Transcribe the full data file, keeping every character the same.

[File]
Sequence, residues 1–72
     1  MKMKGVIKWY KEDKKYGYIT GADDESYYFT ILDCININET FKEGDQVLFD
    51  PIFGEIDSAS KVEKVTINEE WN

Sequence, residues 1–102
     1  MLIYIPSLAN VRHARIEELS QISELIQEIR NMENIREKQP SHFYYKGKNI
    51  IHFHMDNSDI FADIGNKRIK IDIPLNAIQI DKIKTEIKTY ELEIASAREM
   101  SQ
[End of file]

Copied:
Sequence, residues 1–72
     1  MKMKGVIKWY KEDKKYGYIT GADDESYYFT ILDCININET FKEGDQVLFD
    51  PIFGEIDSAS KVEKVTINEE WN

Sequence, residues 1–102
     1  MLIYIPSLAN VRHARIEELS QISELIQEIR NMENIREKQP SHFYYKGKNI
    51  IHFHMDNSDI FADIGNKRIK IDIPLNAIQI DKIKTEIKTY ELEIASAREM
   101  SQ